A Texas judge blocked President Obama's bid to expand overtime pay protections to millions of Americans on Tuesday, thwarting a key presidential priority just days before it was set to take effect. The Labor Department rule would have doubled the salary level at which hourly workers must be paid extra for overtime pay, from $23,660 to $47,476. Siding with business groups including the U.S. Chamber of Commerce, Texas District Judge Amos L. Mazzant III halted it. The rule, finalized in May, represented the first such change in more than a decade and was hailed at the time as the most consequential action the Obama administration could take for middle-class workers without congressional involvement. Plaintiffs had argued the Labor Department acted beyond its authority under the Fair Labor Standards Act.
"A single judge in Texas has ignored 78 years of legal precedent and taken money out of the pockets of millions of working people across the country by blocking the long overdue update of the overtime rule," Emily Martin, vice president for workplace justice at the National Women's Law Center, said in a statement Wednesday. "These workers, the majority of whom are women, earn modest salaries, work long hours, and have just been told that they will still be denied fair pay."
The National Retail Federation said about one-tenth of salaried employees newly eligible for overtime will probably receive raises high enough to lift them above the 47,500 threshold. They will make more money, but won't qualify for overtime pay. Managers paid more than the threshold are ineligible because they fall under the so-called white-collar exemption that excludes supervisors and professionals from overtime.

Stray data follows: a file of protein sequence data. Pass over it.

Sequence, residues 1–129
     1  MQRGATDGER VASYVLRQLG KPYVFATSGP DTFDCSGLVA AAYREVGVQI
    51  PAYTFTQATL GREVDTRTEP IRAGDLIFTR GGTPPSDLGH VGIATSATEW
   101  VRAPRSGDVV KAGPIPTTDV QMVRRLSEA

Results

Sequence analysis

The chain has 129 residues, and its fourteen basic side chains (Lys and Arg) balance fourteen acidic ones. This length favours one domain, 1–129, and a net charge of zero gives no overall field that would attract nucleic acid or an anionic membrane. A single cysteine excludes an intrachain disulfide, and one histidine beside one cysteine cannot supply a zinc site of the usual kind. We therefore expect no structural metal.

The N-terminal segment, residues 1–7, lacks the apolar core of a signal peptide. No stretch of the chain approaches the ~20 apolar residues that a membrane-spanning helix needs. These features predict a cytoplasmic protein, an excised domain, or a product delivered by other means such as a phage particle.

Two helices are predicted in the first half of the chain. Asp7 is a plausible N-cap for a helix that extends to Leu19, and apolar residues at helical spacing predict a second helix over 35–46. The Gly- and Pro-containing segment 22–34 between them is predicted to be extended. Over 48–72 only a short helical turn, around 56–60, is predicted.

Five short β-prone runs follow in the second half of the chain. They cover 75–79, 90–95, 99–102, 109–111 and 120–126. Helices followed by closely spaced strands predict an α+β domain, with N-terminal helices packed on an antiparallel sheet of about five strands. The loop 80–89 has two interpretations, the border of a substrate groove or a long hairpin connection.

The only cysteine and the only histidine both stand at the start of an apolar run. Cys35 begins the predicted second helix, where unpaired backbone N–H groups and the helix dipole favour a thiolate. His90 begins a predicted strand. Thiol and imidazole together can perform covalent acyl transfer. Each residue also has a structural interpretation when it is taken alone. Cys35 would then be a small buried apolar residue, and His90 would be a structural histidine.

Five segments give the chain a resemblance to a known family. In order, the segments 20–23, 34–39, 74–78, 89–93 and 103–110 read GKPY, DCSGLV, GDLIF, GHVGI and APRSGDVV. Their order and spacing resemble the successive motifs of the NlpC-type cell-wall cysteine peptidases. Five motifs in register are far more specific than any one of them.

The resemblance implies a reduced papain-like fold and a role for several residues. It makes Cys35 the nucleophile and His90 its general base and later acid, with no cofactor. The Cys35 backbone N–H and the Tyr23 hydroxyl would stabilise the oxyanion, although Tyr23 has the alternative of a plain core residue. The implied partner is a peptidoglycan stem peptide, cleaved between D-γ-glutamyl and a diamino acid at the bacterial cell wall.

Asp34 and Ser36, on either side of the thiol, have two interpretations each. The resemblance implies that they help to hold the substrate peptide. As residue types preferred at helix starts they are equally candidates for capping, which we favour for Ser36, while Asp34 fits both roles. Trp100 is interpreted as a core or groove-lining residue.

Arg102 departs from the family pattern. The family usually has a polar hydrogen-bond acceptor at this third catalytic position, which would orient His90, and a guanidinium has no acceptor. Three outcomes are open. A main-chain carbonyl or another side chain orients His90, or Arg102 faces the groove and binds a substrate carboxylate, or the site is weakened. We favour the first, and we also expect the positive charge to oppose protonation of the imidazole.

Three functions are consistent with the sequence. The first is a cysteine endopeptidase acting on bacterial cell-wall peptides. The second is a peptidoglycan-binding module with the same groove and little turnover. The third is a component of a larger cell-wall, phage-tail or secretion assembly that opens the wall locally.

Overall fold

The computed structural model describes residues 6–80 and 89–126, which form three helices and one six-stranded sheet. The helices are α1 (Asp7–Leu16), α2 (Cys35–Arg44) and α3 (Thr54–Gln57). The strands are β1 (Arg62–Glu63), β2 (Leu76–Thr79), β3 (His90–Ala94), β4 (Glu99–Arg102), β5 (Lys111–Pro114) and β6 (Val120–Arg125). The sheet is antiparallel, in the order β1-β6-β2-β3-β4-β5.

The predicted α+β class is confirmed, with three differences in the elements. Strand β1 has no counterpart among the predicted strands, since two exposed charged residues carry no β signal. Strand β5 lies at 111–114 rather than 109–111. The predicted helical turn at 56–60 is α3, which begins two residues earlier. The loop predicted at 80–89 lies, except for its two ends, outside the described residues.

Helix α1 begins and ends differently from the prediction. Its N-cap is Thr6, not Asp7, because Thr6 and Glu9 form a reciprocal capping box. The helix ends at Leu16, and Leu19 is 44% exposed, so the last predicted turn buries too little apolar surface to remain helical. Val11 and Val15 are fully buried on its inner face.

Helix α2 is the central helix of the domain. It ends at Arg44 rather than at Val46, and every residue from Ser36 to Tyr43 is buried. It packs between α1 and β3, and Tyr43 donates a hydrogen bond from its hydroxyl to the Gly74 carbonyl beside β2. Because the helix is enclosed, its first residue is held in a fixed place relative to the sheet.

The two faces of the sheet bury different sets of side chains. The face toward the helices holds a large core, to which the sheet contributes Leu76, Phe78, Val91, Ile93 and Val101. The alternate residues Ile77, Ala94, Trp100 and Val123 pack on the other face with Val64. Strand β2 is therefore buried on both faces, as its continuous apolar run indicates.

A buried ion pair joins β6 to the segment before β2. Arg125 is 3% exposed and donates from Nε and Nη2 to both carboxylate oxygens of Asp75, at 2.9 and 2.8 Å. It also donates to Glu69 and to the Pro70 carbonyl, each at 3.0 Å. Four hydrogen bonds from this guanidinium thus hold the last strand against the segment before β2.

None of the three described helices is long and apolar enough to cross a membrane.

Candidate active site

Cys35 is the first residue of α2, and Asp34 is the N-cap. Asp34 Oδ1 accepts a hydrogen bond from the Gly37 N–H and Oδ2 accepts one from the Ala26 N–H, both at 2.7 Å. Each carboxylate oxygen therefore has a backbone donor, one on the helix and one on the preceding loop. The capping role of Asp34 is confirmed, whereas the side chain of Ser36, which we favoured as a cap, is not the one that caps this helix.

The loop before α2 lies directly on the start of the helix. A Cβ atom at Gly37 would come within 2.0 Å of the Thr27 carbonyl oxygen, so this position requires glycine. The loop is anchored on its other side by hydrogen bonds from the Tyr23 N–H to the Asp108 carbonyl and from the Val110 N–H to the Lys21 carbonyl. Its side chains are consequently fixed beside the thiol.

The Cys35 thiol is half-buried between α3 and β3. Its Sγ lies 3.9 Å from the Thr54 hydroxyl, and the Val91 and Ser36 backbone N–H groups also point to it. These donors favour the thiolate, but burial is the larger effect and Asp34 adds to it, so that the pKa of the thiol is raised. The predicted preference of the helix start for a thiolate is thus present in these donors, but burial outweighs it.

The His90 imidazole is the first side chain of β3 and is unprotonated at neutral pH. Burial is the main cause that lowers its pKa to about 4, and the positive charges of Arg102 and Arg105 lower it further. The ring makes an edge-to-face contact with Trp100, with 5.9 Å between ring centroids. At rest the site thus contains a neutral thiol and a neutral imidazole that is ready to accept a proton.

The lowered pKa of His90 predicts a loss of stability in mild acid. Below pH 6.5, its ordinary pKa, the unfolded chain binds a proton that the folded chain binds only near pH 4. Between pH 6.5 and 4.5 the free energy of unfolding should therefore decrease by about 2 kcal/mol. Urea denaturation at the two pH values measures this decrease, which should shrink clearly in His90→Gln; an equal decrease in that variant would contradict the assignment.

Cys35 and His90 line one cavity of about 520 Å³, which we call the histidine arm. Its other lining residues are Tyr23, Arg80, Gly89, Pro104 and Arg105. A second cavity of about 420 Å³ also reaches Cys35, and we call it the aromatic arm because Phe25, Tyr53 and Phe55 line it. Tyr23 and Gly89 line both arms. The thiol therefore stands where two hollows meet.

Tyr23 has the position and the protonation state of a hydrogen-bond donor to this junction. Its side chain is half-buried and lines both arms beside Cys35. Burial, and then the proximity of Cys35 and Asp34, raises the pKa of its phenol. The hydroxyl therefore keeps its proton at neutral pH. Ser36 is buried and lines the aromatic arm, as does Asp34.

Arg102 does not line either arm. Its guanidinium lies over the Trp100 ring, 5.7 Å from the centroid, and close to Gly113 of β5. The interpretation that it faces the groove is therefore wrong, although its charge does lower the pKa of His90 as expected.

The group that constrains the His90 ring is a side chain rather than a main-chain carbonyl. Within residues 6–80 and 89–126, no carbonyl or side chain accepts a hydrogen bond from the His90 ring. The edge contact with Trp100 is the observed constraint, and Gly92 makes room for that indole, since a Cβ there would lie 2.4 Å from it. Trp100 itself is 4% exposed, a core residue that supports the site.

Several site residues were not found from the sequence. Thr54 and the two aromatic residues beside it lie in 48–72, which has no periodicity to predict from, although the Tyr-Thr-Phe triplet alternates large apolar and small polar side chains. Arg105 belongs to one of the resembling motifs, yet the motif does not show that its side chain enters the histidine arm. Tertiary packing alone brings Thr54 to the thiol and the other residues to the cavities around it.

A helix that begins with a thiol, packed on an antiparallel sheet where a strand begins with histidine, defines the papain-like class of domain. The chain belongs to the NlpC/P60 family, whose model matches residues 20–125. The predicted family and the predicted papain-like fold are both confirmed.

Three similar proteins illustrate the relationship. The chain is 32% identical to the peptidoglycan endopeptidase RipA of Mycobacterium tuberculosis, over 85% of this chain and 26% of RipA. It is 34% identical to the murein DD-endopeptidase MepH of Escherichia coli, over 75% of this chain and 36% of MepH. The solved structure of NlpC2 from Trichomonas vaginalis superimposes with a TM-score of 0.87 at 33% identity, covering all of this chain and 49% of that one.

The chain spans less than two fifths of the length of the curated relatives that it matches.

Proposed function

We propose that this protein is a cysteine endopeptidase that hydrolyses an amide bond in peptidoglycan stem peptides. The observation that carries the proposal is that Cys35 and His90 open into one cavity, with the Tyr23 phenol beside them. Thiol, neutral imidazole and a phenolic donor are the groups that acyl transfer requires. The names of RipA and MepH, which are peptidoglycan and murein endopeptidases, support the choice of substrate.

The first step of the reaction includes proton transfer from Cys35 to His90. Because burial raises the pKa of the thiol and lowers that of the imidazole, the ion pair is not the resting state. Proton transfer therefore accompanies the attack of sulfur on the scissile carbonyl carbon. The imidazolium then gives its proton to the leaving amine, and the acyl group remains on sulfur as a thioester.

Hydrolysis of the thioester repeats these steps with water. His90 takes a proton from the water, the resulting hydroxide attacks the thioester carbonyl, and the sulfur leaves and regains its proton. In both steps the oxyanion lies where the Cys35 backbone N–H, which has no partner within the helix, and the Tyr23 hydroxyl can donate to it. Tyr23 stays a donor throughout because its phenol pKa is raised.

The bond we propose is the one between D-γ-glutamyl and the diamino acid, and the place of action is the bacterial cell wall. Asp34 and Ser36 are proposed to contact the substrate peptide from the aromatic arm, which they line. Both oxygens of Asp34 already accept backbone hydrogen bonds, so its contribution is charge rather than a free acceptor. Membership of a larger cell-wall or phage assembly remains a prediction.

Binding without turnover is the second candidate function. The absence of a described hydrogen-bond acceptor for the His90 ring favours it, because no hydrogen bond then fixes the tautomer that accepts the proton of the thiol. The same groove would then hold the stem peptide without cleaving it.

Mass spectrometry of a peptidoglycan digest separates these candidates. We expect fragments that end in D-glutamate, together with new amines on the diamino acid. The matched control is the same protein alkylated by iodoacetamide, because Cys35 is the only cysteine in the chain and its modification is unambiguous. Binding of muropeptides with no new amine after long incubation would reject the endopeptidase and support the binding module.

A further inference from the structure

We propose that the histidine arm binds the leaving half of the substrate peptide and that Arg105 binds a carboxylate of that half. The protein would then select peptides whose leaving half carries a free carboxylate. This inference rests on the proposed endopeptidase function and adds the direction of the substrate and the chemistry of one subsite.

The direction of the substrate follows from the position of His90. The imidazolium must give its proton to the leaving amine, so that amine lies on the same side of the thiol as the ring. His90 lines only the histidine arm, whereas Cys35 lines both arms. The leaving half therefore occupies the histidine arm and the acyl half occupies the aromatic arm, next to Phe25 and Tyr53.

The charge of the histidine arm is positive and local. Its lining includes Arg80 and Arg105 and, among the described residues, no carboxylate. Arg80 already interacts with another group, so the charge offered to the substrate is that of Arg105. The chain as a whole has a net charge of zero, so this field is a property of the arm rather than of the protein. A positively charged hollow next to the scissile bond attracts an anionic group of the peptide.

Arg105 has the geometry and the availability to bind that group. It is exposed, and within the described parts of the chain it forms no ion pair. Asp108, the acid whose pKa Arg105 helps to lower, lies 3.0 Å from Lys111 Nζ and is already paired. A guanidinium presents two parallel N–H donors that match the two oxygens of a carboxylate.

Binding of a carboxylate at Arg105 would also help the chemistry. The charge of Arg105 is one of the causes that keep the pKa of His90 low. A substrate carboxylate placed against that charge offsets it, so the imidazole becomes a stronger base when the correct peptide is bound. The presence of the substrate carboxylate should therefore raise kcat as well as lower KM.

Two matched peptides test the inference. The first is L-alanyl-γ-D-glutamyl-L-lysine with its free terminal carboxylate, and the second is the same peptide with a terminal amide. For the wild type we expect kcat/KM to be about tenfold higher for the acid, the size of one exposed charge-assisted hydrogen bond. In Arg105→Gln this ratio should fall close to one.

FILE - In this May 6, 2016, file photo, President Barack Obama speaks in the briefing room of the White House in Washington. Roughly 5 million more U.S. workers will soon become eligible for overtime pay under new rules issued by the Obama administration. The policy changes would benefit many salaried employees in the fast food and retail industries who often work long hours, are called managers, but are paid just above the current 23,660 annual threshold that allows companies to deny overtime pay.
On Tuesday morning, the Dallas Federal Reserve released its monthly manufacturing outlook survey, which came in far lower than expected, at -20.8. Quite a few companies cited the new Department of Labor overtime rule that makes more salaried workers eligible for overtime pay as a future headwind for their businesses, many of which are still reeling from the collapse in oil prices. One company said its younger employees don't deserve overtime pay because they slack off far too much through the regular workday. "We have a serious productivity problem with office workers and estimated that less than 50 percent of their time is spent on value-creating business activities," wrote one respondent. "The younger workers are often off task, engaged on social media, on the internet, texting on phones and other unproductive activities."